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Missouri women's basketball struggles with shot clock in loss to Arkansas

Thursday, January 24, 2013 | 9:00 p.m. CST; updated 11:42 p.m. CST, Thursday, January 24, 2013
Arkansas scored 25 points off of Missouri's 18 turnovers as the Razorbacks beat the Tigers 58-50.

COLUMBIA — When the buzzer for the shot clock sounded, Missouri freshman guard Lianna Doty's eyes were locked on the ground.

A few voices from the crowd rang out, counting down, trying to warn her of the impending deadline.

When she got the ball, she had five seconds to shoot. She put her head down and drove into the paint.

When time ran out, she was in the middle of a dribble. The ball went back to Arkansas.

"Our execution needs to get better," Missouri women's basketball coach Robin Pingeton said after the game. "I just felt like ... empty possessions, not knowing time and score. Shot clock violations are unacceptable."

Minutes later, the seconds were ticking down again. 

Missouri senior guard Liene Priede found herself with the ball and very little time on the shot clock.

She heaved up a desperate 3-pointer. It banged off the backboard and directly into the hands of a defender.

Arkansas' Erin Gatling made Missouri pay for it a moment later with a 3-pointer, giving the Razorbacks a 17-9 lead.

Gatling finished with 23 points, including six 3-pointers, and Arkansas beat the Tigers at their own game in a 58-50 victory.

"Philosophically, there is no doubt they feel they can beat people from the 3-point line, and they feel like people can't beat them from the 3-point line," Arkansas coach Tom Collen said. "I told the kids, 'You're going to get open shots. If you move the ball around, eventually, it's going to come to you.'"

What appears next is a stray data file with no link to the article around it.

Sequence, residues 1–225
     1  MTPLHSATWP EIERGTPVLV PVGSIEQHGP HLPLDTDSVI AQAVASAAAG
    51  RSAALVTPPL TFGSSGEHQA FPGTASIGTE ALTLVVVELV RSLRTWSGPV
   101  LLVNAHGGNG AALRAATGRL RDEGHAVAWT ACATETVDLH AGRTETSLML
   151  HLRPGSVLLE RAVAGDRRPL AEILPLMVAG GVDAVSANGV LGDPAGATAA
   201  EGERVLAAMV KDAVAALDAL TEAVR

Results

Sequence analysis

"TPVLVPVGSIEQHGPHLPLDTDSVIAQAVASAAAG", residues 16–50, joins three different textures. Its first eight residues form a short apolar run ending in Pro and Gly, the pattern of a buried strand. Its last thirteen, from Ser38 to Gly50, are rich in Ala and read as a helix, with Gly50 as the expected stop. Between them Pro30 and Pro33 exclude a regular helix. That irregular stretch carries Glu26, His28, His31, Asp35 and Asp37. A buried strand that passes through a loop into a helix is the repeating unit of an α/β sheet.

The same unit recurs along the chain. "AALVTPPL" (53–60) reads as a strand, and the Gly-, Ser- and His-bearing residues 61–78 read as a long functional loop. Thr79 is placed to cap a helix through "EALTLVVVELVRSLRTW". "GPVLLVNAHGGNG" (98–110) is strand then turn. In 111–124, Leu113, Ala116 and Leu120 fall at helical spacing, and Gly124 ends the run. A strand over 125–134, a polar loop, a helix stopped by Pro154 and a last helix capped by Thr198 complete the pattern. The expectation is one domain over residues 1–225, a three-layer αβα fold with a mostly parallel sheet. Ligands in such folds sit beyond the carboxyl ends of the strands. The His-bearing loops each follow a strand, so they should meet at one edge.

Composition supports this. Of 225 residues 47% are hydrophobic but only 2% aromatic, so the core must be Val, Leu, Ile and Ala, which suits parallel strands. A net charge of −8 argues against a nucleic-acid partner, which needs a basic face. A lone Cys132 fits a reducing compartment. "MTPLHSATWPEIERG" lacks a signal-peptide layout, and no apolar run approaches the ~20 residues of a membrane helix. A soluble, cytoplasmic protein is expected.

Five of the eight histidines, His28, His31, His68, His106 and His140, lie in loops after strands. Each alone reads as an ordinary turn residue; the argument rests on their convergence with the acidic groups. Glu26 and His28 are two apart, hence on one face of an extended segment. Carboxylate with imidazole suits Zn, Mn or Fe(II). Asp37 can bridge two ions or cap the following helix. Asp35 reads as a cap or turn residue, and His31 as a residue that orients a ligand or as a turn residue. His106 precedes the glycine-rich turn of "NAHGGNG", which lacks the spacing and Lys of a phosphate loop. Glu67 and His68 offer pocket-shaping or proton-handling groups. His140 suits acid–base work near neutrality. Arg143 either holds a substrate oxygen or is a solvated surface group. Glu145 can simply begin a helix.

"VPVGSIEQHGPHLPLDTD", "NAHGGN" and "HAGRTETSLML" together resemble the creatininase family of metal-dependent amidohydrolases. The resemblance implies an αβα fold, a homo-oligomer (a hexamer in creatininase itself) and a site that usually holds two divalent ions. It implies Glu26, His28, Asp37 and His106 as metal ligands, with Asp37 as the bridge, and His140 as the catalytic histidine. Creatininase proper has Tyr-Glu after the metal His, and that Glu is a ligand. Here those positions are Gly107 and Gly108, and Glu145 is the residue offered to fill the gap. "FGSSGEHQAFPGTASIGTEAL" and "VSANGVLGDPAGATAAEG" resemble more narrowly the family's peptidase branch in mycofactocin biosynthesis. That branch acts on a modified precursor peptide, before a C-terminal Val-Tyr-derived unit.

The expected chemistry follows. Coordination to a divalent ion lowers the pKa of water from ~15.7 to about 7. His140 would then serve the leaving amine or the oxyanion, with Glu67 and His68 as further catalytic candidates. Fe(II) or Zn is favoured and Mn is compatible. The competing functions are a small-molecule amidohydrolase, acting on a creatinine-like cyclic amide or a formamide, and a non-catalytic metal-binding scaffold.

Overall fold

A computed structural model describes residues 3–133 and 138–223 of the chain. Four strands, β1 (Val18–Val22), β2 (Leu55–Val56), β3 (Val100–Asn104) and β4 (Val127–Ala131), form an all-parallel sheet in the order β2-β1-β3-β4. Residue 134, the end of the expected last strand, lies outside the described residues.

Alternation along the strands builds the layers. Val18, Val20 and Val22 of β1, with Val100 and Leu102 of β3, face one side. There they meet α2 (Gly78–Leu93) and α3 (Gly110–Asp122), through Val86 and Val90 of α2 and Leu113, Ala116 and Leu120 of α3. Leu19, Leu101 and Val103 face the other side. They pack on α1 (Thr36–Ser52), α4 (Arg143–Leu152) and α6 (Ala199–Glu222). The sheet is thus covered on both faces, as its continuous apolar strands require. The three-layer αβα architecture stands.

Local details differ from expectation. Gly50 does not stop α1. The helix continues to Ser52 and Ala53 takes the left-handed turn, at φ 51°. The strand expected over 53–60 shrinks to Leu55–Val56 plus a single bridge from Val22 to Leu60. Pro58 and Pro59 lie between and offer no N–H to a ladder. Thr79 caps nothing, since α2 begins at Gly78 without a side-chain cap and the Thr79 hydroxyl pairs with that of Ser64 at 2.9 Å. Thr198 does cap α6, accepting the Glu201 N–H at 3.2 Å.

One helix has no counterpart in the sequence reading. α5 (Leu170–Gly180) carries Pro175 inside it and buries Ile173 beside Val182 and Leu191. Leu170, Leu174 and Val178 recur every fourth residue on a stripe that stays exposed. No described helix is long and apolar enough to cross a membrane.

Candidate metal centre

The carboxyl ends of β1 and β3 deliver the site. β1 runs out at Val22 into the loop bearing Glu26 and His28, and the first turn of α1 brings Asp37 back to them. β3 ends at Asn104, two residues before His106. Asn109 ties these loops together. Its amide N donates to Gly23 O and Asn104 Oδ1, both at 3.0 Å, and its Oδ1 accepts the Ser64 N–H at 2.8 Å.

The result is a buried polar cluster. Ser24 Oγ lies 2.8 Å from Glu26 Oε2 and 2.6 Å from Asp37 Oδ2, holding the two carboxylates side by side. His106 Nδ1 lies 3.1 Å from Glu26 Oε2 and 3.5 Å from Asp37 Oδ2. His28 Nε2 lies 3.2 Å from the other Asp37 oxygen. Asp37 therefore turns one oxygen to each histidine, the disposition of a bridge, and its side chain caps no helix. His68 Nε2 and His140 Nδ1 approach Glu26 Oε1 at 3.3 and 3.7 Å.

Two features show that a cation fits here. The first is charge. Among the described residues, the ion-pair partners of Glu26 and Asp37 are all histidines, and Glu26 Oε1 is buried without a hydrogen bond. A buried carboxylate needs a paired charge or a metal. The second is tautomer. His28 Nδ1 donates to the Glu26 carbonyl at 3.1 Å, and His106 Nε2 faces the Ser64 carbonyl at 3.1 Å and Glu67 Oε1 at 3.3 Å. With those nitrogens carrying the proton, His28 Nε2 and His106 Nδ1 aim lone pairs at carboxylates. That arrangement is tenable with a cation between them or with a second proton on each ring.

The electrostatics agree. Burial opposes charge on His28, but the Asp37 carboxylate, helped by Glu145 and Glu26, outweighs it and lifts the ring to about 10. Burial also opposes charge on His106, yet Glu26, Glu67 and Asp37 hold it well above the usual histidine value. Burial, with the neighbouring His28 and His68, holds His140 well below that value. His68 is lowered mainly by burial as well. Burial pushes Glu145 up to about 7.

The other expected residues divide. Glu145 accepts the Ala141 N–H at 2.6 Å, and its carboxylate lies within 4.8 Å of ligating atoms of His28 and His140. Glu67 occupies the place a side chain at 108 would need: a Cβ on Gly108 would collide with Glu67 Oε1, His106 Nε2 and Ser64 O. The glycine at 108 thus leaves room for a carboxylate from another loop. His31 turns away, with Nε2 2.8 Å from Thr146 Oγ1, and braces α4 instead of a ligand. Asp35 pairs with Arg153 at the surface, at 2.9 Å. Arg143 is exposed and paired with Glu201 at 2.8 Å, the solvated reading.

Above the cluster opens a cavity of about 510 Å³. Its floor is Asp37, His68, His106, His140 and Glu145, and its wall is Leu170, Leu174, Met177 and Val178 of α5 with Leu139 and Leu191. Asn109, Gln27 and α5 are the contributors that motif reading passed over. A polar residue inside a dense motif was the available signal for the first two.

In the second half, the Tigers worked to pull even with Arkansas. Down by two points, Missouri had the ball and found itself trapped near the corner of the court.

The seconds ticked down again. The ball got knocked out of bounds. 

But instead of giving the Tigers a second chance, the referees determined Missouri had touched it last.

Pingeton yelled at the officials, her arms outstretched, but to no avail. 

At the other end, Arkansas' Quistelle Williams drained a jump shot to extend the Razorbacks' lead to four. 

It was one of Missouri's 18 turnovers, which led to 25 Arkansas points.

"I knew we were doing a great job, not just by the number of threes that they were missing or not getting to, but when we got them so late in the shot clock, and we got so many shot clock violations on them, I knew we were doing a pretty good job with it," Collen said. 

Missouri sophomore guard Kyley Simmons raced down the court and found herself with an open basket. She made a layup to bring the Tigers within single digits. 

But it didn't matter: 0.1 seconds remained on the clock. There would be no comeback.

Arkansas inbounded the ball, and Missouri had run out of time.

"We knew they had a couple kids that could knock down threes, but we didn't think it was going to be enough to beat us," Pingeton said. "I'd take 58 points and do it all over again."


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